Intriguing work of art transforms Norwich Cathedral’s Hostry
- Credit: SIMON FINLAY
Visitors to Norwich Cathedral's Hostry are being greeted by an intriquing piece of art.
Shucky, Hintut? is the creation of artists Alida Sayer and Nicole Vinokur, and sees visitors come face to face with a curious wall of ropes which has transformed the exhibition space.
Alida said the installation, which has also seen the building's interior columns painted red, was designed to be playful and encourage people to interact with the Hostry in a new way.
She said: 'Originally we were invited to do a two-person show which conventionally would consist of a few works by each artist, but when we visited the space we felt it was quite a complex space with lots of textures and features, and we wanted to do something really bold that would really use the space [as part of the work] and transform the way people move around it.'
She said it was interesting to see the many different reactions from people to the work.
You may also want to watch:
'We wanted to challenge people's paths through the space. It makes you look at it from a different perspective,' said Alida, who has a studio at Outpost Studios in Norwich.
As well as being inspired by the Hostry itself, the abstract work also features a number of other local references.
- 1 Moment delivery driver walks through shop window
- 2 Norfolk and Suffolk Elections 2021: LIVE Results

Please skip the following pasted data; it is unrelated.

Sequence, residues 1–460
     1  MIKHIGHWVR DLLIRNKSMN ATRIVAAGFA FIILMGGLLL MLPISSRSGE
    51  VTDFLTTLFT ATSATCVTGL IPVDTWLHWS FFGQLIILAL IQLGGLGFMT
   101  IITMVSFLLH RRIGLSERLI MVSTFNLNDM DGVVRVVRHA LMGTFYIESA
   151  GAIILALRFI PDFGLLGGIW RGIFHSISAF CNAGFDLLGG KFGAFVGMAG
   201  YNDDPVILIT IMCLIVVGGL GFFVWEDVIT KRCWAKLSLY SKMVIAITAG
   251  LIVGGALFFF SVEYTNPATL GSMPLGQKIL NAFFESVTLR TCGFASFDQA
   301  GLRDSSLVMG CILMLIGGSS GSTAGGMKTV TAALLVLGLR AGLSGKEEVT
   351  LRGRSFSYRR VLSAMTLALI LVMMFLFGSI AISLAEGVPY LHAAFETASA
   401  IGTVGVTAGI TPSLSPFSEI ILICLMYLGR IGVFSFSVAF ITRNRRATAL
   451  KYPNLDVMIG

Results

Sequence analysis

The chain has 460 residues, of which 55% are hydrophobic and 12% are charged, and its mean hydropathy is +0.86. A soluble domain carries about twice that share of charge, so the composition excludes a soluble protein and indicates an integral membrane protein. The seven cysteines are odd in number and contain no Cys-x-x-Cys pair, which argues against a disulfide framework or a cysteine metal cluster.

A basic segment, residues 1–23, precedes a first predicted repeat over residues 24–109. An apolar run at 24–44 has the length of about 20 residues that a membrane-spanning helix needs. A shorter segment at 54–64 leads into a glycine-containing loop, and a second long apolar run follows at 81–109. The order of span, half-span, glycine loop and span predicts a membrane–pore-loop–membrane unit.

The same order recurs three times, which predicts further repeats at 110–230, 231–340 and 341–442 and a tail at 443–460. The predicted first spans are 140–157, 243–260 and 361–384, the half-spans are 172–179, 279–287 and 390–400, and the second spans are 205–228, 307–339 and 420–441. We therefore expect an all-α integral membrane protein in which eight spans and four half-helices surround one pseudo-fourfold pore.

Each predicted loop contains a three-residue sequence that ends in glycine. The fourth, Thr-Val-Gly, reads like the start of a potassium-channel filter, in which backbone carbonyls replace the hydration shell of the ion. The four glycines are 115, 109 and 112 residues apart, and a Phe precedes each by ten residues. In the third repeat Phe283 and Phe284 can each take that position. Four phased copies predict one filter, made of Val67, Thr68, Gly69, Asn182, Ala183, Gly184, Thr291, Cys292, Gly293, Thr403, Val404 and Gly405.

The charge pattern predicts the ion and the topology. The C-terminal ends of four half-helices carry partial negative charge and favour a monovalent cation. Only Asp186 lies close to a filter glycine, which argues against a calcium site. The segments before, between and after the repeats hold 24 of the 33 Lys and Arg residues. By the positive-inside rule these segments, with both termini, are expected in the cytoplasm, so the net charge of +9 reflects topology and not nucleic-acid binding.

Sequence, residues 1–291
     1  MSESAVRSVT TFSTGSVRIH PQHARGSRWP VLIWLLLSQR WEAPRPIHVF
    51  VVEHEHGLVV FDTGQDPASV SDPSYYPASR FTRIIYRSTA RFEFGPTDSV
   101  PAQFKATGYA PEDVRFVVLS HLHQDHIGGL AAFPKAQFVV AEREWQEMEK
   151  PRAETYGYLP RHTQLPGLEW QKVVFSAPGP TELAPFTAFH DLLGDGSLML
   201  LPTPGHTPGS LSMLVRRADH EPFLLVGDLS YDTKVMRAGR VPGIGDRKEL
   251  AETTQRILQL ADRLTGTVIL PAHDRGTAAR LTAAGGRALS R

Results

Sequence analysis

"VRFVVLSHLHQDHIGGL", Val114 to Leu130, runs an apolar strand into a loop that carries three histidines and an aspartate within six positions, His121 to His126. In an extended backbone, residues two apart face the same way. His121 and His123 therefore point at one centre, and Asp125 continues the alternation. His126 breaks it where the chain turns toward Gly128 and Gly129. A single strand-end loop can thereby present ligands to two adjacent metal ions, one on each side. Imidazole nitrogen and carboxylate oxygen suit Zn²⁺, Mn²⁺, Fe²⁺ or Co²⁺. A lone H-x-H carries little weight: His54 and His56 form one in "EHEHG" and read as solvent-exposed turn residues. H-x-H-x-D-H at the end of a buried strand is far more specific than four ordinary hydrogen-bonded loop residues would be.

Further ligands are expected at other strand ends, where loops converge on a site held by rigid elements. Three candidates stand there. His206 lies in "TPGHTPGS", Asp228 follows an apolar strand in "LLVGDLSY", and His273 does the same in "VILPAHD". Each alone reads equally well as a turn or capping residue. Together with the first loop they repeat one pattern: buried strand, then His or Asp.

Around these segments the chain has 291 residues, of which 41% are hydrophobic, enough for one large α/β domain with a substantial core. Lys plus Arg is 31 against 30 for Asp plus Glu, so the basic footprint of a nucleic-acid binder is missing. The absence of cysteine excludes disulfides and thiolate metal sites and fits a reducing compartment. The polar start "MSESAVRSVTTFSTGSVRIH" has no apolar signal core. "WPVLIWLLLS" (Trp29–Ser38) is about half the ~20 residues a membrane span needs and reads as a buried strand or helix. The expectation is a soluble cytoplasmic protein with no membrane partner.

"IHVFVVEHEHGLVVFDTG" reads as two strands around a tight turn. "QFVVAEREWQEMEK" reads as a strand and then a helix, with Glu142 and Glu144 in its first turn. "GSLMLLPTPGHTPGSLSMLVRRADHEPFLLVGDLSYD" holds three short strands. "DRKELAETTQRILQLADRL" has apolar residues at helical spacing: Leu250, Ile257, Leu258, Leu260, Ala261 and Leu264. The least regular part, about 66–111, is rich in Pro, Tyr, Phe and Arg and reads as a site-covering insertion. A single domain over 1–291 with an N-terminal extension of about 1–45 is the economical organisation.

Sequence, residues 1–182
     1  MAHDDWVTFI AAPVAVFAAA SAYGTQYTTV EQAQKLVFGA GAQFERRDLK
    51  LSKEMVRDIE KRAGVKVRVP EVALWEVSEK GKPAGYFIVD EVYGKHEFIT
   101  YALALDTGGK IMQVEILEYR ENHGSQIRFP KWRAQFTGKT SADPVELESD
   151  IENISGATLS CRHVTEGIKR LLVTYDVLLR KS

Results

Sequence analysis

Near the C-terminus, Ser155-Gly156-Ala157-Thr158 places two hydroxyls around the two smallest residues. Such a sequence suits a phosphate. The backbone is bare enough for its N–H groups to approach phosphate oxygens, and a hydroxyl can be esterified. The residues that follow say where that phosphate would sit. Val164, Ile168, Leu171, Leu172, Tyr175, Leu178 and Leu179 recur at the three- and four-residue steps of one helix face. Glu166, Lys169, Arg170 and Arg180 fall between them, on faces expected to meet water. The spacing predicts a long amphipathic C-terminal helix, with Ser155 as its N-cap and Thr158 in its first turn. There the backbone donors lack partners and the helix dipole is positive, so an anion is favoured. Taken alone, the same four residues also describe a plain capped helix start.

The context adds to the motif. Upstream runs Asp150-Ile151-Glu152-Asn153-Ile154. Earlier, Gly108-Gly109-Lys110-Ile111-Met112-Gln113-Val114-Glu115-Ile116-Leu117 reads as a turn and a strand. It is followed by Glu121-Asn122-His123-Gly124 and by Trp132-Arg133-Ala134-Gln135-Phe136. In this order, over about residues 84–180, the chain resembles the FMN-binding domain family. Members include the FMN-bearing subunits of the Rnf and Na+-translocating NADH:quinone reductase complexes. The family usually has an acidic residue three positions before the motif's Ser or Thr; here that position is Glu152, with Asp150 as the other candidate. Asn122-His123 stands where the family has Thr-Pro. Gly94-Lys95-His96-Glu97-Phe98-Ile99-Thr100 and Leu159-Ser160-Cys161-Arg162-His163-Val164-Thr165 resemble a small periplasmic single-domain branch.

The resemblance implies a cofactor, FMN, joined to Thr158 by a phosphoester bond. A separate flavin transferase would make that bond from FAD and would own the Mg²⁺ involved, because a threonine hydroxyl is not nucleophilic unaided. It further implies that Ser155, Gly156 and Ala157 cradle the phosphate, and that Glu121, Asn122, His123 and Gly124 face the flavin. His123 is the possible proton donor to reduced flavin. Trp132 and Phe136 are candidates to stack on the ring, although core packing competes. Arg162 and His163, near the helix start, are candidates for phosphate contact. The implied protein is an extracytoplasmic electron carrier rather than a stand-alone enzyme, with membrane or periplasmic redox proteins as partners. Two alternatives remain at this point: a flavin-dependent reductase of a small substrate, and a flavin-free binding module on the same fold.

- 3 Martin Lewis: How to get your hands on £280 if you worked from home
- 4 Two Norfolk destinations named among most scenic in UK
- 5 Great-grandmother can't dance amid gallbladder operation complications
- 6 Village pub's burgers are a hit for our reviewer as eating out returns
- 7 Norfolk and Suffolk Elections 2021: County council election results
- 8 6 things to do as temperatures set to rise to 21C
- 9 Giles Orpen-Smellie elected as police and crime commissioner
- 10 Make it modern: Norfolk rectory goes up for sale after renovation
It takes its name from Norfolk dialect, with 'shucky' meaning shaggy or unkempt or hairy and 'hintut' meaning isn't it?, and it plays on the myth of the dog Black Shuck.
The idea of the ropes is a nod to how Normandy stone was laboriously hauled along a canal built by monks to build Norwich Cathedral, and it also aims to reflect the history of the textile industry locally.
There are also references to further afield, with the artists also saying they were inspired by the use of screens they encountered on trips to South Korea and China.
Nicole, who is based in London, said: 'Shucky, Hintut? is a culmination of ideas involving both of our time spent in Asia last year and responding to the invitation to make work in Norwich and its specific history...In a sense Shucky, Hintut? distills a number of interests and concerns which are and aren't entirely specific but is an offering of points to rest upon.'
Both artists studied at the Royal College of Art and last year they exhibited work separately in the Incunabula exhibition at Norwich Cathedral's library.
Shucky, Hintut? is at Norwich Cathedral's Hostry until September 1.
For more information, visit www.cathedral.org.uk